(a) Any paper, record or file reestablished has the effect of the original. A private paper has such effect immediately on recording the judgment reestablishing it, but a reestablished record does not have that effect until recorded and a reestablished paper or file of any official, court or public officer does not have that effect until a certified copy is filed with the official or in the court or public office where the original belonged. A certified copy of any reestablished paper, the original of which is required or authorized by law to be recorded, may be recorded.

(b) When any deed forming a link in a chain of title to land in this state has been placed on the proper record without having been acknowledged or proven for record and has thereafter been lost or destroyed, certified copies of the record of the deed as so recorded may be received as evidence toreestablish the deed if the deed has been so recorded for 20 years.

(5) COMPLAINT.—A person desiring to establish any paper, record or file, except when otherwise provided, shall file a complaint in chancery setting forth that the paper, record or file has been lost or destroyed and is not in the custody or control of the petitioner, the time and manner of loss or destruction, that a copy attached is a substantial copy of that lost or destroyed, that the persons named in the complaint are the only persons known to plaintiff who are interested for or against suchreestablishment.

History.—s. 5, Nov. 21, 1829; s. 12, ch. 1369, 1862; s. 2, ch. 3019, 1877; RS 1523-1527, 1533; s. 1, ch. 5162, 1903; GS 1978-1982, 1997; RGS 3246-3250, 3265; CGL 5054-5058, 5073; s. 7, ch. 22858, 1945; s. 24, ch. 67-254.

Note.—Former ss. 71.01-71.06.



Foreclosure defenders sometimes get hoodwinked by plaintiffs with this effort to enforce a lost note:


673.3091 Enforcement of lost, destroyed, or stolen instrument.

(1) A person not in possession of an instrument is entitled to enforce the instrument if:

(a) The person seeking to enforce the instrument was entitled to enforce the instrument when loss of possession occurred, or has directly or indirectly acquired ownership of the instrument from a person who was entitled to enforce the instrument when loss of possession occurred;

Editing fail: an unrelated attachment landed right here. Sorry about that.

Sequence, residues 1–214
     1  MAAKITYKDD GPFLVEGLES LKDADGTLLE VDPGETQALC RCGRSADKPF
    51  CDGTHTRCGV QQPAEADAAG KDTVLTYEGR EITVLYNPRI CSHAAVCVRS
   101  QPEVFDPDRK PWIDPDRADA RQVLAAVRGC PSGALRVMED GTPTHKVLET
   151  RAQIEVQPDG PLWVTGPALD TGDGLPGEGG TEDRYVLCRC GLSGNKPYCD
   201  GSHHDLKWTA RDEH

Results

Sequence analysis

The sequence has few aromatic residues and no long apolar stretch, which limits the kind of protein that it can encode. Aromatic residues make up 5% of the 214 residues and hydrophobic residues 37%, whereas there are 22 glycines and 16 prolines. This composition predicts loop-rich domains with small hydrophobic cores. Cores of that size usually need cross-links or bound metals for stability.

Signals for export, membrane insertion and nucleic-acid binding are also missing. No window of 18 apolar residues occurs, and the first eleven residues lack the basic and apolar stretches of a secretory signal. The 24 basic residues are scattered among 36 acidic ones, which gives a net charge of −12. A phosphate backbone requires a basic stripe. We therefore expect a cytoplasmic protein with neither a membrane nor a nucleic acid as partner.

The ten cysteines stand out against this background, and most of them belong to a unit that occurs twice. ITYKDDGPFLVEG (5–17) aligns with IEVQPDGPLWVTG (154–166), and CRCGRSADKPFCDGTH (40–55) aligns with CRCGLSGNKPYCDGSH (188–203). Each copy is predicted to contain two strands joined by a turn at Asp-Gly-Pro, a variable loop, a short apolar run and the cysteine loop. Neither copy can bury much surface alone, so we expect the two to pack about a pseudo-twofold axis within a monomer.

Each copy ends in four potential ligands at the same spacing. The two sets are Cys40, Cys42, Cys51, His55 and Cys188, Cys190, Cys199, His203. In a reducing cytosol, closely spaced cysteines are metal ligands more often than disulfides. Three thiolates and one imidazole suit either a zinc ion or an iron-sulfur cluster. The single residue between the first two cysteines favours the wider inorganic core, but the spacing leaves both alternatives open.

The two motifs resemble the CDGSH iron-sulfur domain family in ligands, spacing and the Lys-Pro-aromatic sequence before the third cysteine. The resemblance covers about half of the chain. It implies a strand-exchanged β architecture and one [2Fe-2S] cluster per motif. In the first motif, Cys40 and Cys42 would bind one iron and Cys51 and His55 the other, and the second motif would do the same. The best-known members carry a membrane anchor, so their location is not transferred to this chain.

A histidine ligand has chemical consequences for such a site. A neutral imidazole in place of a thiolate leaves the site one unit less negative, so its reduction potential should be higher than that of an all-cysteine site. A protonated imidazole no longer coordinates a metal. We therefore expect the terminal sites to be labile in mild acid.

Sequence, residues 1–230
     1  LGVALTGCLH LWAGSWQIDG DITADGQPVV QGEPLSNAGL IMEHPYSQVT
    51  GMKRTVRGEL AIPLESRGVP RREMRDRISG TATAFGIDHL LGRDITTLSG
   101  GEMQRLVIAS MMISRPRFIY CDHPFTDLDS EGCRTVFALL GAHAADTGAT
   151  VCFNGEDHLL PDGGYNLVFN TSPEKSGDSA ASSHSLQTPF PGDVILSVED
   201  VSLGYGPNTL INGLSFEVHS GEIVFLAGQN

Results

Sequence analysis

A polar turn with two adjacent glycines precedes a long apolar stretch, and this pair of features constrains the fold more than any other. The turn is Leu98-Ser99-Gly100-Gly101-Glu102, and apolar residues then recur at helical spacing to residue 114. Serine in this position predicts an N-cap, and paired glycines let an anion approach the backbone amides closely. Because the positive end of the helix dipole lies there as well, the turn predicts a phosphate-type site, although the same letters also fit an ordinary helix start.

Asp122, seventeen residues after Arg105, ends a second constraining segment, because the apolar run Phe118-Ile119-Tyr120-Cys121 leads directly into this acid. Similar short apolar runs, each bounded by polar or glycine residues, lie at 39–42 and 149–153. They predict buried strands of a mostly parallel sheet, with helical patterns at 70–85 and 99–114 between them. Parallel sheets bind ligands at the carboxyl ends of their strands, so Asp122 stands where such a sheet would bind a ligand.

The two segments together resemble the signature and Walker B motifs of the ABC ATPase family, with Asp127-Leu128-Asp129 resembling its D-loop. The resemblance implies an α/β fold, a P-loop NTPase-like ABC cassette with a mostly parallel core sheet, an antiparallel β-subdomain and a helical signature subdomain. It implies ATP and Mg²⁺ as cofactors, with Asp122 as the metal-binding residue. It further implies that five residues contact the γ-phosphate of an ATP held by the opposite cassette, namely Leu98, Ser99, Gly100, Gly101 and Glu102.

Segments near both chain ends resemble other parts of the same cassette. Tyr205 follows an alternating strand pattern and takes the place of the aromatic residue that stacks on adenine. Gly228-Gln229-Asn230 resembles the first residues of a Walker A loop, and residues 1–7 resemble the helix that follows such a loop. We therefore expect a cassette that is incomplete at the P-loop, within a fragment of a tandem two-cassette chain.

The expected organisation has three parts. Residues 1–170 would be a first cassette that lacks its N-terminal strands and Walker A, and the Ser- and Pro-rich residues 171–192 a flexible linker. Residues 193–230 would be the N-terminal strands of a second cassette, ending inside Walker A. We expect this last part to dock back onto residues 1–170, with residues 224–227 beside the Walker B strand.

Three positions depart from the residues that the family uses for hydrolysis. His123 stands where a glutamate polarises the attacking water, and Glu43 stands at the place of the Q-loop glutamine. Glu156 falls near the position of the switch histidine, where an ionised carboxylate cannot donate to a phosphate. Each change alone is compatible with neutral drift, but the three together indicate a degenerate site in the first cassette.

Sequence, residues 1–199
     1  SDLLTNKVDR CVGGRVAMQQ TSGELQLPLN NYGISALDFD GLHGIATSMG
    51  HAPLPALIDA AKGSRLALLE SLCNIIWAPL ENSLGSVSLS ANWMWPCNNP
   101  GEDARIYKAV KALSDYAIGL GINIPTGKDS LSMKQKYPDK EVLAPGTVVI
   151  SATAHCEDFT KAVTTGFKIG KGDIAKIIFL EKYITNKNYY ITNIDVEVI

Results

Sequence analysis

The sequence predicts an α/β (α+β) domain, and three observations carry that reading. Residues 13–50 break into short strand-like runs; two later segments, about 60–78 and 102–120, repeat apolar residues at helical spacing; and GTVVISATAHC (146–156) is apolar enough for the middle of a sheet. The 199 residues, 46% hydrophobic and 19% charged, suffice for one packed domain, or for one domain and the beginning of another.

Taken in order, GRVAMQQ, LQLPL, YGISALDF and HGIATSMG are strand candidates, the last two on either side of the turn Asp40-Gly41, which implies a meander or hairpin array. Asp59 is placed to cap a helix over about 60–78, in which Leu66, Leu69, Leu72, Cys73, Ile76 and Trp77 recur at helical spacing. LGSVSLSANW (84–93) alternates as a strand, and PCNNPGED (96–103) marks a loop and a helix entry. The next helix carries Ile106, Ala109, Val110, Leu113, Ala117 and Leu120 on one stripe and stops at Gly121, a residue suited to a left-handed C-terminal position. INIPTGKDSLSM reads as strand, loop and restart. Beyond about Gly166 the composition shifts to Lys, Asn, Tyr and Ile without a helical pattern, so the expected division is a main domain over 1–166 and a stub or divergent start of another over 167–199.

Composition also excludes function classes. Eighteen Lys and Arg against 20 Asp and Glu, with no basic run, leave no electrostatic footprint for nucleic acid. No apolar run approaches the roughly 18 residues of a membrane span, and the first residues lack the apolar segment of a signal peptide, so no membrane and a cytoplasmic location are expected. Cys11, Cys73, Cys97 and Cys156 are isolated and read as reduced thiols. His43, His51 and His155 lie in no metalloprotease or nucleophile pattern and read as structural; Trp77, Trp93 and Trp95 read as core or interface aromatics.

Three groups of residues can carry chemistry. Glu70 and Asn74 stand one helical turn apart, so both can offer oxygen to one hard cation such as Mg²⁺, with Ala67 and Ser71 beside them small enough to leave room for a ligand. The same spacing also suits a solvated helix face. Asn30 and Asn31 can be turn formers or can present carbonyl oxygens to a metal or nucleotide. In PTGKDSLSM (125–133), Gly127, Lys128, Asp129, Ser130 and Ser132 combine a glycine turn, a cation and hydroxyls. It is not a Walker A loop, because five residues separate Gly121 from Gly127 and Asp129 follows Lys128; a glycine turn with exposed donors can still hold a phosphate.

(b) The loss of possession was not the result of a transfer by the person or a lawful seizure; and

(c) The person cannot reasonably obtain possession of the instrument because the instrument was destroyed, its whereabouts cannot be determined, or it is in the wrongful possession of an unknown person or a person that cannot be found or is not amenable to service of process.

(2) A person seeking enforcement of an instrument under subsection (1) must prove the terms of the instrument and the person's right to enforce the instrument. If that proof is made, s. 673.3081applies to the case as if the person seeking enforcement had produced the instrument. The court may not enter judgment in favor of the person seeking enforcement unless it finds that the person required to pay the instrument is adequately protected against loss that might occur by reason of a claim by another person to enforce the instrument. Adequate protection may be provided by any reasonable means.

History.s. 2, ch. 92-82; s. 1, ch. 2004-3.



Ask yourself whether you, as judge, would enforce a non-existent note that you could not lawfully admit into evidence.






Bob Hurt